The ideal car is one that gets regular, light use on suburban or rural roads in the South of England. Up to about 100,000 miles is good for a V12 before it gets too expensive, and at least 150,000 miles for the XJS six cylinder engines. The old 4.2 XK engine in the XJ saloons needs reconditioning at about 80,000 miles on average.
In general, avoid cars that have spent much of their life further north than London, as winter road salt accelerates rusting by at least 10 times.
Don’t be tempted by the lure of a cheaper vehicle. Initially you may save on upfront costs, but in the long term, you are likely to spend more on restoring the car.
If you want expert advice, why not consider one of our two-hour condition assessments? Visit our website for more details or call on +44 (0) 1635 30030 for further information.
Here are a few news highlights from the classic car industry from the last couple of months…
The Knight Frank Luxury Investment Index notes that classic cars have beaten everything from art, watches and coins over the past 1 year, 5 years and 10 years. This is telling people that classic and vintage cars are a viable investment asset class.
Is your Jaguar XJS ready to shine this summer? If not, then why not call on our professional valet and paint protection services and treat your classic car to a thorough spring clean.
Select from three levels of valeting and a leather refurbishment service, prices start from £90.
For a long-lasting shine, we also offer Advanced Nano Coating paint protection. This is a highly developed nano-scale protective film that lasts – with yearly polishing – for up to 15 years. To find out more, visit our website or call 01635 30030 for an appointment.
Here’s one we did earlier – a KWE-restored Jaguar XJS in solid black with paint protection and one happy owner!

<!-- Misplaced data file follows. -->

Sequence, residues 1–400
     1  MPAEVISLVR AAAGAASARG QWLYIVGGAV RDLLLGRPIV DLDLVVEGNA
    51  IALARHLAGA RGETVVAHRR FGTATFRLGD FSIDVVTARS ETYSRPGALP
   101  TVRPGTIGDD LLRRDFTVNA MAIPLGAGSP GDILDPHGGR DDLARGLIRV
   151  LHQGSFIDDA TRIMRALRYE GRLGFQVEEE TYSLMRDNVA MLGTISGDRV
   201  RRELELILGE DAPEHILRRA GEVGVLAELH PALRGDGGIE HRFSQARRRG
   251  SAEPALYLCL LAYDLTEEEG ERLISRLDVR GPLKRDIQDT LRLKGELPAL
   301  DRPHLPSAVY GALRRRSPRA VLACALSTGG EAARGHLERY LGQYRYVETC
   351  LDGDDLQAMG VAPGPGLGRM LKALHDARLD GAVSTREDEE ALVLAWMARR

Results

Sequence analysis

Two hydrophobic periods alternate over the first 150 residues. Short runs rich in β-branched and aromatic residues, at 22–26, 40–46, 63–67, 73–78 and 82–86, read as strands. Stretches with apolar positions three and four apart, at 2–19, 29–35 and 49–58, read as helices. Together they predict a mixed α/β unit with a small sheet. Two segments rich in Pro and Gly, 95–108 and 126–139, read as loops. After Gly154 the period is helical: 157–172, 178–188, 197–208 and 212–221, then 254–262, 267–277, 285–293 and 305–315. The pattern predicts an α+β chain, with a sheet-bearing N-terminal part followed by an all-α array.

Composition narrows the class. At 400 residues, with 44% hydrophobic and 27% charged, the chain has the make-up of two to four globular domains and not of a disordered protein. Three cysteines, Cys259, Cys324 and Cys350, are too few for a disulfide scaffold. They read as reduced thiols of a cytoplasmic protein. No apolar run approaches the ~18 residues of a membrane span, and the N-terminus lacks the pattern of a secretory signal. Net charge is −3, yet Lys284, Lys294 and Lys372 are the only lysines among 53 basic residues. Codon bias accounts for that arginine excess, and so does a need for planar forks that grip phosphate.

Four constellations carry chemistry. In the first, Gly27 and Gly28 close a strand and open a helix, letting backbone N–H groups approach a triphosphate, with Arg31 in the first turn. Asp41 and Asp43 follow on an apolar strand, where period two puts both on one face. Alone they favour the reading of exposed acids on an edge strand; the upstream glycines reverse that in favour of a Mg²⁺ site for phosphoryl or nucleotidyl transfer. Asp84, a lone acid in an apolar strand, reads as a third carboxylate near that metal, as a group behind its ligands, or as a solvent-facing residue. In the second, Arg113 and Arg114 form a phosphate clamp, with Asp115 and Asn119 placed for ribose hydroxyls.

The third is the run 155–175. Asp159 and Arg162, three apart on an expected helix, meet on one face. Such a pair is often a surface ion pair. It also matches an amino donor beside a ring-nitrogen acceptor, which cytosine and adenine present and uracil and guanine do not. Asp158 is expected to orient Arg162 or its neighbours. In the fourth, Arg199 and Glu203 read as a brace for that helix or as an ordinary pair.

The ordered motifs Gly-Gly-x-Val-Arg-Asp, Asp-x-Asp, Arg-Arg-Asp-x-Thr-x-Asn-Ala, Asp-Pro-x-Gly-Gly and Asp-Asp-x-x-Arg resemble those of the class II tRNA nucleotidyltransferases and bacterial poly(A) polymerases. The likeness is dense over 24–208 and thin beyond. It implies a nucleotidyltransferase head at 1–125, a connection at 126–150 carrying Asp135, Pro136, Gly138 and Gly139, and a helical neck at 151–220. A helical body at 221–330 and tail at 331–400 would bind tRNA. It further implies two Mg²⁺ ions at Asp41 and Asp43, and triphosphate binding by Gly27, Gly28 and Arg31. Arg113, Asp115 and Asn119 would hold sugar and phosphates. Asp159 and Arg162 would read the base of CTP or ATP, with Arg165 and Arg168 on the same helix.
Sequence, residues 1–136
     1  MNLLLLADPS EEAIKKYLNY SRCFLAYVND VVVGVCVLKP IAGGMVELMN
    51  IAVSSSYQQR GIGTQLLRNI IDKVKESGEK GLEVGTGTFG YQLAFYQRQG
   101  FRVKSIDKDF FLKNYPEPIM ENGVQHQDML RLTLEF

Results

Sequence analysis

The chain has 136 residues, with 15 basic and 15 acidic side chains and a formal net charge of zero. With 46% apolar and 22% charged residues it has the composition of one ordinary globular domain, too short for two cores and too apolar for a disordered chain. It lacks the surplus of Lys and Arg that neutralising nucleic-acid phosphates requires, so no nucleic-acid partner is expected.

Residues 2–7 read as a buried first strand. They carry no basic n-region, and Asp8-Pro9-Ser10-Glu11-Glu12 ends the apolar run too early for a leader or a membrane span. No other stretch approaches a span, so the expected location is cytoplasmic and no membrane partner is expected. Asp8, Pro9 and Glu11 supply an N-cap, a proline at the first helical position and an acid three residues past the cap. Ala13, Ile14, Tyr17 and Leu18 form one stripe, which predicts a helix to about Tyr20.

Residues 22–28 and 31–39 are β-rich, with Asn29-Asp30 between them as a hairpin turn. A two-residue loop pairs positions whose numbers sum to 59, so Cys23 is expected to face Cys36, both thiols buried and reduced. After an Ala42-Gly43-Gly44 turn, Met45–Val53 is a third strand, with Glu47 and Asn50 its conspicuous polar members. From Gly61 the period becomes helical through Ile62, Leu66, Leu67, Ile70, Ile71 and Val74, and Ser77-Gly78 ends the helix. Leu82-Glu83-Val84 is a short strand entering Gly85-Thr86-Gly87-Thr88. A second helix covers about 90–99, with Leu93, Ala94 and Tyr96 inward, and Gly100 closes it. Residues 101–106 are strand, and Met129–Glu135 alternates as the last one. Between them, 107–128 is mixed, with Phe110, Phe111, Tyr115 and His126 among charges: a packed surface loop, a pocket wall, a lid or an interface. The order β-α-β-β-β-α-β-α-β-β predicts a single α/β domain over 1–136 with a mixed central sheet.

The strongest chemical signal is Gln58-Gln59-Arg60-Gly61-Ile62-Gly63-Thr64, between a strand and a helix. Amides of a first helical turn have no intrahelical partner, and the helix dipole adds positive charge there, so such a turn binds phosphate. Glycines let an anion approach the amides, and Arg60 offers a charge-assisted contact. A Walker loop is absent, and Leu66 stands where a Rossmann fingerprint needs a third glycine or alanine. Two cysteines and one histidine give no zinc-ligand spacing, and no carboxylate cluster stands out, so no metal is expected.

As more and more customers recognise the classic Jaguar XJS as a good investment opportunity, we are pleased to report that business is booming here at KWE. To meet growing demand, we’ve expanded our operations on Greenham Business Park and taken on two new recruits.
We’d like to introduce Andy Branning, our new Production Manager, and new Technician, Phil Alexander. These additions bring our total employee count to seven. Here we all are enjoying the spring sunshine yesterday – see photo below.
We have also acquired an additional plot of land next to the existing premises. The new plot has been designed so that we can park customer cars while restoration work is waiting to be carried out or is in progress – ensuring maximum workshop efficiency.
Stay up to date with our latest news and receive useful tips on classic Jaguar cars by signing up to our newsletter via our website: www.kwecars.com. Alternatively, follow us on Twitter or ‘like’ us on Facebook.
It’s a debate that is likely to go on amongst motoring enthusiasts for the foreseeable future: which are better – classic or modern cars? On the face of it, modern cars seem like the better option; they’re safer, cheaper to run and better for the environment, right? However, for those drivers looking for a sense of excitement and individuality – you can’t beat a quality classic.
The real question is: why choose a classic vehicle over a newer model?
Driving a classic car can be perceived negatively – particularly when it comes to the environment. Environmentalists sometimes view classic cars as being gas guzzling planet destroyers, due to their poor fuel efficiency. In reality, salvaging a classic car is in fact an excellent example of recycling – maximising the use of something rather than just disposing of it.
Keeping an old motor running, rather than just replacing it at the nearest opportunity, is sustainable and limits the amount of waste in our scrapheaps.